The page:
A famous conservative explains the current financial crisis

Jonathan Rauch has a review of what appears to be one of the early classics dealing with the global economic crisis: ‘A Failure of Capitalism – The Crisis of ’08 and the Descent Into Depression,’ by Richard A. Posner

This book is not socialist screed decrying capitalism, Richard Posner is “one of America’s leading conservative intellectuals, so his insights into this crisis deserve attention”.

If you read the newspapers, you will not see much in “A Failure of Capitalism” by way of unfamiliar particulars. Cheap money and an inrush of foreign capital fueled a lending boom, which poured credit into the housing market. As prices went up, up, up, even risky mortgages seemed safe and everyone piled in, including banks. Financiers relied on securitization and complicated financial instruments to dilute the attendant risk, but the result was to spread that risk through the financial system, making it impossible to locate. When the housing bubble popped, everyone was holding bad debt, but no one was sure how bad or even how much. With banks suddenly looking undercapitalized, lenders stopped lending and started selling assets to raise cash. The faster everyone ran for the exits, the faster asset prices fell, dragging banks’ balance sheets down with them. Credit markets seized up, depressing the economy, causing more mortgage defaults and asset-price deflation, further weakening banks, further paralyzing credit, depressing the economy still more. . . . Repeat ad nauseam.

You know that story, and Posner tells it well, with a particular flair for showing how dozens of moving parts interacted. Being Richard Posner, however, he is not content to be an amiable guide through the thicket. His real interest is in finding and detonating grenades in the underbrush.

One is right there on the title page, which flaunts the D-word. The current crisis, Posner maintains, is a depression. True, it is not (we hope) a great depression. But the typical postwar recession is a partly self-correcting disinflationary contraction that soon subsides, often leaving the economy healthier. The present downturn is a self-sustaining deflationary contraction whose costly aftereffects will linger for years. The Great Depression led to World War II. Today’s depression presumably won’t be that bad, but it may cause a huge loss of output, an immense increase in the national debt, a swing to excessive regulation, a nasty bout of inflation, a decline in America’s economic and geopolitical power, and increased political instability abroad.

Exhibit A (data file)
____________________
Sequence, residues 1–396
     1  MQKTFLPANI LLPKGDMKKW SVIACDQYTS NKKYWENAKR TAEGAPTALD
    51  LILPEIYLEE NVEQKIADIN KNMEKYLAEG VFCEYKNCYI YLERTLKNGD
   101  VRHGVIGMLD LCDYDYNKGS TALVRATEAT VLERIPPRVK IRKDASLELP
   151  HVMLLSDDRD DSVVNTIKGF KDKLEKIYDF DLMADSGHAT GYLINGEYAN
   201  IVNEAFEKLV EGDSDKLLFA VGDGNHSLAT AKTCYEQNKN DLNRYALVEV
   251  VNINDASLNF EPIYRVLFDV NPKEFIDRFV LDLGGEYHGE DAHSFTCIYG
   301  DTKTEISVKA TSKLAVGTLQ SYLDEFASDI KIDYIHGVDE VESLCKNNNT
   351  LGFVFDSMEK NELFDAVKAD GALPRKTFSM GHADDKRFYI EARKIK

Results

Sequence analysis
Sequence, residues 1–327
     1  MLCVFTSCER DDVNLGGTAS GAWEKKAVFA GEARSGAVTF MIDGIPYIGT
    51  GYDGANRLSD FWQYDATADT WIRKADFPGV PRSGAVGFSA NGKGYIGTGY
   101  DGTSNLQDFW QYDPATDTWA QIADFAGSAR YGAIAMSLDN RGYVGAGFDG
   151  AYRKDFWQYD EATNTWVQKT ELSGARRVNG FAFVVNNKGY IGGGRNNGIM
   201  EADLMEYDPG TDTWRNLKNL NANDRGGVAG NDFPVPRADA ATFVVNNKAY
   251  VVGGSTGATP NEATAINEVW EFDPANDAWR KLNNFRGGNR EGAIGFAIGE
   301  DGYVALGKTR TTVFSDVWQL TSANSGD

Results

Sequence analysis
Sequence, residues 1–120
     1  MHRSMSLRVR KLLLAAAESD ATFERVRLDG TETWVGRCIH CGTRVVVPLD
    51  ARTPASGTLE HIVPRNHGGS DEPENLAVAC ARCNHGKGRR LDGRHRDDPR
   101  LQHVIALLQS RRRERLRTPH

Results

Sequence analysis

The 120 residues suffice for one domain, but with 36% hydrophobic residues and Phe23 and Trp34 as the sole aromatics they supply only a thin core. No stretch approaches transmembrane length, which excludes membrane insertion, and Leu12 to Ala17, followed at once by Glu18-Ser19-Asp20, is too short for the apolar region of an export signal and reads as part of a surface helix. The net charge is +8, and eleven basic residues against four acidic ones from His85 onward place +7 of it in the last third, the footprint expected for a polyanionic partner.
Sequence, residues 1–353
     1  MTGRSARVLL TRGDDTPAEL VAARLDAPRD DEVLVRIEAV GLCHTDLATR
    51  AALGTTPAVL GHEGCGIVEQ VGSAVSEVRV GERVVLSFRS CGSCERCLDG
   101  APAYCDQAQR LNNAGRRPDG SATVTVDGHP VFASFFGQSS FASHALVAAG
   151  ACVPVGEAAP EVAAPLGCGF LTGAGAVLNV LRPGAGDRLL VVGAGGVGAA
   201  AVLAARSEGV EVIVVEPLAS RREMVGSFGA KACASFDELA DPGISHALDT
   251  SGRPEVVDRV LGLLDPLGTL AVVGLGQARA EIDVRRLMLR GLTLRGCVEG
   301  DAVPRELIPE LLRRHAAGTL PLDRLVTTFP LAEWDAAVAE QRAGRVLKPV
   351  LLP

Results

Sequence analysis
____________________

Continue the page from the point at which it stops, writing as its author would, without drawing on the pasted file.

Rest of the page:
A typical recession is a market correction, usually of inflation or other economic imbalances; a depression is a market failure. And it is a failure (here is grenade No. 2) that the market is powerless to prevent. “An interrelated system of financial intermediaries” — a banking system, broadly defined — “is inherently unstable,” Posner writes. Think of it as “a kind of epileptic, subject to unpredictable, strange seizures.”

…A perfect storm of irresponsibility? Hardly. The crisis came about precisely because intelligent businesses and consumers followed market signals. “The mistakes were systemic — the product of the nature of the banking business in an environment shaped by low interest rates and deregulation rather than the antics of crooks and fools.” Were a lot of people reckless and stupid? Of course! But that cannot explain why the whole system crashed, since a lot of people are always reckless and stupid. The problem, fundamentally, is that markets cannot, and rationally should not, anticipate their own collapse. “A depression is too remote an event to influence business behavior.” Any single business can rationally guard against its own bankruptcy, but not the simultaneous bankruptcy of everybody else. “The ­profit-maximizing businessman rationally ignores small probabilities that his conduct in conjunction with that of his competitors may bring down the entire economy.”

…markets, entirely of their own accord, will sometimes capsize and be unable to right themselves completely for years at a stretch. (See: Japan, “lost decade” of.) Nor can monetary policy be counted on to counteract markets’ tippy tendencies, as so many economists had come to believe.Alas, economists and policy makers got cocksure. They thought they had consigned depressions to history. As a result, they missed warning signs and failed to prepare for the worst. “We are learning,” Posner writes, “that we need a more active and intelligent government to keep our model of a capitalist economy from running off the rails.”

Other reviews:

How to Understand the Disaster By Robert M. Solow (New York Review of Books)

The Rational Crisis – Richard Posner takes on the financial meltdown by Guy Sorman (City Journal)

Richard Posner is blogging at The Atlantic.

(All of this was via Fabius Maximus)

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